Sunday, March 23, 2014

Growing Up Wild

I'd been looking forward to this Growing Up Wild training for several months. I know the book is highly sought after and is included in the $20 fee. If you can find it, it usually costs more outside of the workshop. In addition to the curriculum guide, it also was good to swap ideas and experience some of the activities in the guide.

I am excited to have this resource. It is centered on 27 nature based lessons for children ages 3-7. It includes the rationale of connecting to nature, developmentally appropriate practices, nature play, nature in the classroom, math connections, language and literacy connections, and healthy kids sections to approach these activities with a comprehensive mindset. It talks of sparking creativity, scientific inquiry, assessing children's learning, respect for living things, responsible collecting, and safety. 

Each activity shares standards and correlations, resources, quick facts, vocabulary building, materials and prep, warm up activities, tips for excellence in early childhood education, activities to take outside, health activities, helping hands to help build on appropriate respect for living things, math connections, take home activities, art projects, music and movement, extension activities, and an snack idea. It's nice to have this all in one place! While the book is oversized and rather large, the suggestion to put it on top of the books on the bookshelf was helpful. It includes many additional resources, such as an index, children's book list, educator resources, federal agencies, organizations and programs, and a list of where to purchase materials. Here is a sample activity on fishing fun. Many of the copy pages are available here, which makes it much easier to print as the books is rather bulky. I also had found this wildlife correlation to holidays previously on the Internet, yet didn't realize it was part of Growing Up Wild. The website for Growing Up Wild has a wealth of other resources if you keep poking around. It is part of Project Wild.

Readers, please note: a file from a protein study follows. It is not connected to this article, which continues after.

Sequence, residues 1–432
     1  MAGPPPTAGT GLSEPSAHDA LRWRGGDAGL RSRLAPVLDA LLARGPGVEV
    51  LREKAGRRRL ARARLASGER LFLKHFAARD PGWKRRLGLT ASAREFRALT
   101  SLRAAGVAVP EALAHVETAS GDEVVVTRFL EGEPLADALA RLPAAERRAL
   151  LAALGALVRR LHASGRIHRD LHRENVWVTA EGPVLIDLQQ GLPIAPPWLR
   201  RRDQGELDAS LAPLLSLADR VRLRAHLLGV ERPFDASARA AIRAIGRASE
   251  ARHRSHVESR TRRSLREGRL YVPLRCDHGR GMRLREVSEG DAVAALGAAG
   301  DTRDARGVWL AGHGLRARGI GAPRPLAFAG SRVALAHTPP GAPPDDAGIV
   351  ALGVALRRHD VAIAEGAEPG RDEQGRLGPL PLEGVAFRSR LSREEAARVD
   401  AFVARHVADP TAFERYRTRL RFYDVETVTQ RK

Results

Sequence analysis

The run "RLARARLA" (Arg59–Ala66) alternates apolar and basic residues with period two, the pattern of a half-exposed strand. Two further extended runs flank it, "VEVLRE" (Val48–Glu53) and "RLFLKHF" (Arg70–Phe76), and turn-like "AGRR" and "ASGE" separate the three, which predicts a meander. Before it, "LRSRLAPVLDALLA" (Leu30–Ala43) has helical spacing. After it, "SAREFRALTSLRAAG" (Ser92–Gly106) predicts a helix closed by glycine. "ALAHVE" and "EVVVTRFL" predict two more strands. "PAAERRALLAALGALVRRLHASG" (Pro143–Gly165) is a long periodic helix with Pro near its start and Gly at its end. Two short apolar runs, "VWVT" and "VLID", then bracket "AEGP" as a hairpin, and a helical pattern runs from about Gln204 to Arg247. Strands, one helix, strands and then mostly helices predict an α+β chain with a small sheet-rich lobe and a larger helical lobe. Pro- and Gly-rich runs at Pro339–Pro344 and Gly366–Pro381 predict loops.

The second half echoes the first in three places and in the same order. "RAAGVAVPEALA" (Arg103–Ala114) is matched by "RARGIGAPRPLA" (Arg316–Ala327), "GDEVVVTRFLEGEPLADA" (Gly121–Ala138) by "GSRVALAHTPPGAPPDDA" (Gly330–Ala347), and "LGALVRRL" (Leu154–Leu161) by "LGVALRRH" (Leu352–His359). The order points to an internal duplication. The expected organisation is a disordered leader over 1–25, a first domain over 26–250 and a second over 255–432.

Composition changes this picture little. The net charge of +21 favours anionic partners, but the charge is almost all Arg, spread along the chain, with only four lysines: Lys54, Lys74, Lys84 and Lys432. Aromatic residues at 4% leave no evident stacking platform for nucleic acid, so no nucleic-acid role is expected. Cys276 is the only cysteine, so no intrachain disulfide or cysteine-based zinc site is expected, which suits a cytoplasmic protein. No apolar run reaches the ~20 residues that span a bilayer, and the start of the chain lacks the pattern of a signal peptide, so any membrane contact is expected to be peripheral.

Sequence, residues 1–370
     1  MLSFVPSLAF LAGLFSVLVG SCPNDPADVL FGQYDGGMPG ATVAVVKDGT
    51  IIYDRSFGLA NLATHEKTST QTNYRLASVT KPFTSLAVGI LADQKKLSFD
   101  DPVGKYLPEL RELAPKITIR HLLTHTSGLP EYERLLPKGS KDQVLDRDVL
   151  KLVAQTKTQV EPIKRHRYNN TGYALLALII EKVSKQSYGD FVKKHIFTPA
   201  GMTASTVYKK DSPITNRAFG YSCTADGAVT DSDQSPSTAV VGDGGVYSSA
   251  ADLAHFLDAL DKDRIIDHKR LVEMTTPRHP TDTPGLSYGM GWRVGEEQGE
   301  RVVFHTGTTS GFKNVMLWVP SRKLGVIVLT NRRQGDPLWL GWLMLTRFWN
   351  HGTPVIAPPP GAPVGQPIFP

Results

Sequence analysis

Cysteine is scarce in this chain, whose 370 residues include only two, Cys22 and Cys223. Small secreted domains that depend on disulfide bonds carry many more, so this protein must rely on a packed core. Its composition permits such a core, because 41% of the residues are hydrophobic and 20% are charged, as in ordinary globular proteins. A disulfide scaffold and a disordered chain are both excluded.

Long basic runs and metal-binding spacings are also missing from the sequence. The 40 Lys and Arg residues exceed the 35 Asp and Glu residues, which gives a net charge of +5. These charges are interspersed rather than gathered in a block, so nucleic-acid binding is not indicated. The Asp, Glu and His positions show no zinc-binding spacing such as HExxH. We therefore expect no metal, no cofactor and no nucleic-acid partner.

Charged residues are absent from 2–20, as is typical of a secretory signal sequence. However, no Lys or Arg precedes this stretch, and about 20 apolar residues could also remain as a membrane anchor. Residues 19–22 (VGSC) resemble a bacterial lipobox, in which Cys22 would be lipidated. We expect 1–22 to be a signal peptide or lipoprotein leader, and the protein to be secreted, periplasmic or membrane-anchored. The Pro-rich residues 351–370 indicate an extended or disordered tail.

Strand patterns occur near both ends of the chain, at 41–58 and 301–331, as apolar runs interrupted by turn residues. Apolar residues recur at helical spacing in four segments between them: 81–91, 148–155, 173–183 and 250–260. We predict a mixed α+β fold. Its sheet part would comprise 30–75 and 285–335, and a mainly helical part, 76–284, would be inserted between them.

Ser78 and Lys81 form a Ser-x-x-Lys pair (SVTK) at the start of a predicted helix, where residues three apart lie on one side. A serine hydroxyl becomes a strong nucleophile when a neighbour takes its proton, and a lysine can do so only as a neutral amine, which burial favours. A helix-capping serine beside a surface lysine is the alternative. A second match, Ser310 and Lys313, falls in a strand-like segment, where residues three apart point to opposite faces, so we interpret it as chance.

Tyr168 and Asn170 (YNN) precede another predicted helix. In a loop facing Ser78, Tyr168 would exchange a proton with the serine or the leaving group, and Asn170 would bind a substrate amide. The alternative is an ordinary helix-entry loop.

Saturday, March 22, 2014

Sugar Camp Days!

This is our second year visiting Sugar Camp Days at Bendix Woods County Parks! What a tasty adventure! Here is our report from 2013 if you are interested.

There are several areas within Bendix Woods for the event. We started near the historical encampment where we found candle dipping. My kids have done this many, many times so we skipped it, but many children were enjoying it! I know mine have enjoyed it in the past.

While it's neat to see the encampments, I really enjoy talking to the people more as they share information about the time period they represent, how artifacts were used, and bring to life the past. 


Thursday, March 20, 2014

Nature Center at Bendix Woods County Park

We stopped by the Children's Discovery Room at Bendix Woods County Park during the Sugar Camp Days. I took a few pictures to let you know what to expect at the area. I love the park in general as there are plenty of natural spaces, playgrounds, and the nature center. Bendix Woods County Park has many amenities, such as hiking trails, ponds, fields, mountain bike trails, and the famous Studebaker pine trees. I've seen beautiful pictures of trillium in the spring as well.

In the Children's Discovery Room, I loved this area for young children! I like the mirror down low, dress up items nearby, flowers to plant, etc. Everything is kid friendly and meant to explore.

Across from this area is a "dark" room where we crossed over into the night. Various nocturnal animals were highlighted, as well as a guide to the planets. 

Displays on the wall help the visitor explore and interact with nature more. 

This section is neat as it looks at life under the soil. I liked the interactive aspect of finding the right animal that fits with the tunnel. There is actually a tunnel right here that children can crawl through to go to the Night World room, further extending the experience underground. 


This display on soil really let us know what all is happening under the ground! I know as spring approaches, I'm glad to see more and more of my yard as the snow melts. 

There were a couple of displays on birds, looking at "tools of the trade" and different parts of a bird. The Birds & Blooms display helps the viewer know what to name when describing a bird during observation.

There is a small viewing window with information about typical birds and blooms that might be seen out the window. I like how these are easily accessible in a handy bin on the wall. The discovery drawers were also neat, with interesting artifacts to explore and learn more about.

Another exploration area included animals on the wall, build a forest scene and other items on the floor. Since we were there for Sugar Camp Days there were also Pioneer toys out for play, along with the normal books, blocks, and other items.  

Another area had a small winter display and pictures of animals to categorize on the magnetic side of the display case. 

The building also houses offices for staff at the park and a multi purpose room. It had a display on maple sugaring at Bendix Woods when we visited, though they may change it out from time to time.